CT: How fast is it changing the financial services market?
MF: Bitcoin and the blockchain matter and that is why companies should pay attention to [them]. This is a historic innovation in the financial services market, where just like the Web there will be all kinds of new applications that will be built in order to efficiently move money. This will lead to innovations in the financial services market that will go at a pace that we have never seen before.
“We are also comparing a system that is a couple of years old to networks that have been running for decades. Bitcoin is a young idea and one needs to think of the economics of the network as the system scales.”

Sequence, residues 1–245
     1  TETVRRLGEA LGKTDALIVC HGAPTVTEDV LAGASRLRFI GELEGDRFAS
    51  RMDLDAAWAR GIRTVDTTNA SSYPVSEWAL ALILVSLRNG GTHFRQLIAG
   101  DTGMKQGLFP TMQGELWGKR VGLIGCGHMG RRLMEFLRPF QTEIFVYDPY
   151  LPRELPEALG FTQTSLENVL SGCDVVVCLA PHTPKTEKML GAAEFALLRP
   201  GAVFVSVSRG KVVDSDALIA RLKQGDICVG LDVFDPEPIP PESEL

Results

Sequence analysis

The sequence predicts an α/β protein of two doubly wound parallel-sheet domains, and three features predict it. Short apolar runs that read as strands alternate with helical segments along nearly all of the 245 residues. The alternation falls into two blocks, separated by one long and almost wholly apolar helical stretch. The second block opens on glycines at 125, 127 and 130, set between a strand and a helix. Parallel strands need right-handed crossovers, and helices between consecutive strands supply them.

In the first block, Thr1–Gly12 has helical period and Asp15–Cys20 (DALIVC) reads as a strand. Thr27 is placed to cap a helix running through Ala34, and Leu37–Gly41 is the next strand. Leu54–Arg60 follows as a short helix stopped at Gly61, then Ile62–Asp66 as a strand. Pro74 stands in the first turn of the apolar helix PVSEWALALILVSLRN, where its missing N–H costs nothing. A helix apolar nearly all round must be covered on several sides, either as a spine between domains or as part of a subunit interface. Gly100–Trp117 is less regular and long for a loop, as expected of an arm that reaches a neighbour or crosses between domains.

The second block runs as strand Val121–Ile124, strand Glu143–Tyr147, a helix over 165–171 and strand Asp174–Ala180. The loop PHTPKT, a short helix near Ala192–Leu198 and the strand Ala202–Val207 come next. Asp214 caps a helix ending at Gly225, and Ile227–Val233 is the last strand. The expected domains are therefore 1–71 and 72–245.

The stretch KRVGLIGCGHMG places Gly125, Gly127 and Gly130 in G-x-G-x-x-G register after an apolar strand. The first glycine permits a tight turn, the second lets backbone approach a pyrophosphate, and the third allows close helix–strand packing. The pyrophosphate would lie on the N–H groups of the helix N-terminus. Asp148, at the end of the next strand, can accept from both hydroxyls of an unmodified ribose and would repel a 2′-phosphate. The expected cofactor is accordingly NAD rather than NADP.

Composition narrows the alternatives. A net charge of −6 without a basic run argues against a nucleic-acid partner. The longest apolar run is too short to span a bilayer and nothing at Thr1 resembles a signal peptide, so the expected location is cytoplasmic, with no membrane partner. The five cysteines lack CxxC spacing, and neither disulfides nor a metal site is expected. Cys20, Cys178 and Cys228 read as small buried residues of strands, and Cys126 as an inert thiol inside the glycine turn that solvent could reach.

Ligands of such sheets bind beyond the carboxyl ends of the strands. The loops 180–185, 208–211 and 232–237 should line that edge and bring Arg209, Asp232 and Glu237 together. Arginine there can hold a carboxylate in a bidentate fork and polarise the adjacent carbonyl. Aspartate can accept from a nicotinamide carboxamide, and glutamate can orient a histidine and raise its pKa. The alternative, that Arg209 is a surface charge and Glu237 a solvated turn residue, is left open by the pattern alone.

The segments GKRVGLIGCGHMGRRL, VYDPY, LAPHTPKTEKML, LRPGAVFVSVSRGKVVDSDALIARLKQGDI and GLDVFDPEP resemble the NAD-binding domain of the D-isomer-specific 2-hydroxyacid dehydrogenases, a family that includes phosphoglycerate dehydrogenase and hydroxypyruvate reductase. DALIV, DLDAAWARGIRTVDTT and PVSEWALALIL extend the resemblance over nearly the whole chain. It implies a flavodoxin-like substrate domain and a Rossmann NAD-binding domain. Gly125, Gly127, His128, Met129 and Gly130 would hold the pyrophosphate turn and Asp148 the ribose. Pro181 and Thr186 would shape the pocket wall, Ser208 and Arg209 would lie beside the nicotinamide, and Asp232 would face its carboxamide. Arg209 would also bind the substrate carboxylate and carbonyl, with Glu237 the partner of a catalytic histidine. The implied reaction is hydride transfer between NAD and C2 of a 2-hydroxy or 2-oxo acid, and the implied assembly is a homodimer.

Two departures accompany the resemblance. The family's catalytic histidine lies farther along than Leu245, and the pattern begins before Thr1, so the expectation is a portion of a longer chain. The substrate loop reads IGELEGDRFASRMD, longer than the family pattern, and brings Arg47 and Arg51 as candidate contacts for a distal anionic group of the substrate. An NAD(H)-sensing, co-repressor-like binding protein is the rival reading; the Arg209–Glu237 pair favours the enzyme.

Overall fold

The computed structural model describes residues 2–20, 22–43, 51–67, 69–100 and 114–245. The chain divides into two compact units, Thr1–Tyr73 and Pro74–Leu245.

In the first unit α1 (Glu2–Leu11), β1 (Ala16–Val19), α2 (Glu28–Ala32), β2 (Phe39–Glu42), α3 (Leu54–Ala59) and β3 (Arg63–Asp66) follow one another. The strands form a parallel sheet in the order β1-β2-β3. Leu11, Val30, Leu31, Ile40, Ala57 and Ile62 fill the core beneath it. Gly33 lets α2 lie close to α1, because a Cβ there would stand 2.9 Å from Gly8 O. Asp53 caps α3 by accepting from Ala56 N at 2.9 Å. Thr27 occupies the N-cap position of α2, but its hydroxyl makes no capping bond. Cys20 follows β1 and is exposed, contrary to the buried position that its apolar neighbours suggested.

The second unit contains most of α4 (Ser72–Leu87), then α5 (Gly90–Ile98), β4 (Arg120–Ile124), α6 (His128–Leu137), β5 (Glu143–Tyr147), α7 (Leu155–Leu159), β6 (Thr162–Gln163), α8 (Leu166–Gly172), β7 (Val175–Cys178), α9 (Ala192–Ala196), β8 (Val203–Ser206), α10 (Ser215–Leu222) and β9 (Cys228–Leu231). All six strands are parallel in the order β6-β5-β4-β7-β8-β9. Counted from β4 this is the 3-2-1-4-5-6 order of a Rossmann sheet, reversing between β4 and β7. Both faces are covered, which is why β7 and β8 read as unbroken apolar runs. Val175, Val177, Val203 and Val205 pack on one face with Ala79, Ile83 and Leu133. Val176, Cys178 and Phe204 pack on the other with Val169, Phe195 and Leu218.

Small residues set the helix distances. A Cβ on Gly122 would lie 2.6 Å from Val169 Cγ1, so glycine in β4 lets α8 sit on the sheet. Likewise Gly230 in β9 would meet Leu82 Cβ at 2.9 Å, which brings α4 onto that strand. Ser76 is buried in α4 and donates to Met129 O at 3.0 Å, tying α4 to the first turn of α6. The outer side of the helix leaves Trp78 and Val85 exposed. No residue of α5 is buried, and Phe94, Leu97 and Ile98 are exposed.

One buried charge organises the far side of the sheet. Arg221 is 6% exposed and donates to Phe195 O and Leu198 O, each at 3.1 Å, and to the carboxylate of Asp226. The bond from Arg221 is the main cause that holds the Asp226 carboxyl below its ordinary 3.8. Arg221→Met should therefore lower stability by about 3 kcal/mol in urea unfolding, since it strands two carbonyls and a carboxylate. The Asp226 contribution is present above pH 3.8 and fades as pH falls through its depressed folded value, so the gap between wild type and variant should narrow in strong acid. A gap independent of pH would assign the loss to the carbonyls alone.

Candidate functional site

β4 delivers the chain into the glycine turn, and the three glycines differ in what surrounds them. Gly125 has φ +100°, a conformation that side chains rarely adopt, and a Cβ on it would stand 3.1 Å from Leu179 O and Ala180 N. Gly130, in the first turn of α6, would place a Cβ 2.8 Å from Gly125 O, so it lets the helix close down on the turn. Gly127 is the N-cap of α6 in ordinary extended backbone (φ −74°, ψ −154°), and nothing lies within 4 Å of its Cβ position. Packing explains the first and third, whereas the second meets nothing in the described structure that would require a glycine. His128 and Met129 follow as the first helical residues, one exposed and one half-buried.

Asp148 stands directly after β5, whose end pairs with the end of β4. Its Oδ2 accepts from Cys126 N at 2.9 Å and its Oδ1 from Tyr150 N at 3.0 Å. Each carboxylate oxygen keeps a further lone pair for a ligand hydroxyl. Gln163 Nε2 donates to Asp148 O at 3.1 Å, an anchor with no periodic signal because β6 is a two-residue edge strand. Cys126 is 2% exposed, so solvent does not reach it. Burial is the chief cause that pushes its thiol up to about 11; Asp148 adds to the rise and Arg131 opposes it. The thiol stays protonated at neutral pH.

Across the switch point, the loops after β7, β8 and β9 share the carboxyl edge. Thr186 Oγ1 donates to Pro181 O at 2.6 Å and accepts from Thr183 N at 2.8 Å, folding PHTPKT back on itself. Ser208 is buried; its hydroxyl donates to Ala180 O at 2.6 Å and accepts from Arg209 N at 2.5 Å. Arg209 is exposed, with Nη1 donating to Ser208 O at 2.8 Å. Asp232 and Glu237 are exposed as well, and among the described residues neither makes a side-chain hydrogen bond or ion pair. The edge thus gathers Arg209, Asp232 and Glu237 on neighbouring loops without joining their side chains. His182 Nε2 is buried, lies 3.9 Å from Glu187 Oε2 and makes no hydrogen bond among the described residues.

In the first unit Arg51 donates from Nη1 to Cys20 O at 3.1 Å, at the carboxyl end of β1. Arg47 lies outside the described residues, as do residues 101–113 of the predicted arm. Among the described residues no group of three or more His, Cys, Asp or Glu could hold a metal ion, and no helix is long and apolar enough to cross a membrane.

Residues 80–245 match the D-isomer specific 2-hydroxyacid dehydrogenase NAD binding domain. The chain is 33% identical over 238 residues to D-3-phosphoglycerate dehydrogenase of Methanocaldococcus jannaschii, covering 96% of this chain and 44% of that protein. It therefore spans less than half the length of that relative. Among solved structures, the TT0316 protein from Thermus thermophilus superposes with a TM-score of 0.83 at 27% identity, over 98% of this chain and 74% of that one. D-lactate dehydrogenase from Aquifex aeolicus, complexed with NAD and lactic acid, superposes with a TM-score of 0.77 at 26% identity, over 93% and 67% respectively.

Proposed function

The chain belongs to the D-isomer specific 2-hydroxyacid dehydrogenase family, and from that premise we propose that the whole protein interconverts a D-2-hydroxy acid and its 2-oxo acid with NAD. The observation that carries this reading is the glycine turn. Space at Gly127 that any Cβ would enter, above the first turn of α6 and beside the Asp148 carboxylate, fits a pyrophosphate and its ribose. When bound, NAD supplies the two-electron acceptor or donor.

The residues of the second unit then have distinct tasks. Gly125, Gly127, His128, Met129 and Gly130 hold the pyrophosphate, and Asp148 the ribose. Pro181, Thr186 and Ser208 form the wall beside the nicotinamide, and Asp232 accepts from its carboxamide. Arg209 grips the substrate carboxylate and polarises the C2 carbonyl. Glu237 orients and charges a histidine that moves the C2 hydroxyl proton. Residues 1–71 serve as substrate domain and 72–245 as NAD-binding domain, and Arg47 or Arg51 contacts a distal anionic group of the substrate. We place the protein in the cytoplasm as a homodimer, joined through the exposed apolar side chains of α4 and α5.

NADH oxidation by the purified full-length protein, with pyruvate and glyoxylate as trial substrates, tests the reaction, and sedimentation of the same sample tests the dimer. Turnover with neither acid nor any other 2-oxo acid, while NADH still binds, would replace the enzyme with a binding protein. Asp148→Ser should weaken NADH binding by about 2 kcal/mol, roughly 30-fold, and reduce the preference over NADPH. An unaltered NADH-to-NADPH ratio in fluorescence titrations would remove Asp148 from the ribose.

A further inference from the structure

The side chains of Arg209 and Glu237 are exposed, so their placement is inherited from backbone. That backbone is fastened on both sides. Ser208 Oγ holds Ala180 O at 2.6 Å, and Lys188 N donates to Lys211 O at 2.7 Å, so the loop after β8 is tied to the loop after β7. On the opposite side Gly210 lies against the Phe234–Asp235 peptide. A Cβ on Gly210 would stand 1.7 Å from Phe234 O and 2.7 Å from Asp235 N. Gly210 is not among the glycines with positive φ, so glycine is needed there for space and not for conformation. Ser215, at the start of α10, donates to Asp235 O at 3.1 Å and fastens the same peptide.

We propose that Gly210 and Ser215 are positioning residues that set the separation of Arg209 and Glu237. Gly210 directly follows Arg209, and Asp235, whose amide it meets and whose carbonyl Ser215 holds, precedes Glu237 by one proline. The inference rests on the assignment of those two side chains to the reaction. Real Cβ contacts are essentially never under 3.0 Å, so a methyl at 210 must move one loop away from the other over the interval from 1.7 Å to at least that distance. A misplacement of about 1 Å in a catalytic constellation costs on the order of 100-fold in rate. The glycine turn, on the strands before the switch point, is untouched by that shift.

CT: Recently, Tim Swanson wrote a response to the viral Western Union ad, and he claimed that Bitcoin remittances are not actually cheaper than Western Union at the moment, and that many other factors must be taken into account, such as converting to local fiat currency. What do you think about his statements?
MF: There are costs to buying bitcoins, selling them, transferring them, running AML / KYC processes, risk management tools, etc. When you pile up all these costs and add the fact that the operator of the service needs to make money in order to sustain operations and scale it, the costs start to pile up.
With that said, we are also comparing a system that is a couple of years old to networks that have been running for decades. Bitcoin is a young idea and one needs to think of the economics of the network as the system scales. As liquidity increases, the costs of running services on the network will decrease and economies of scale will be a big factor.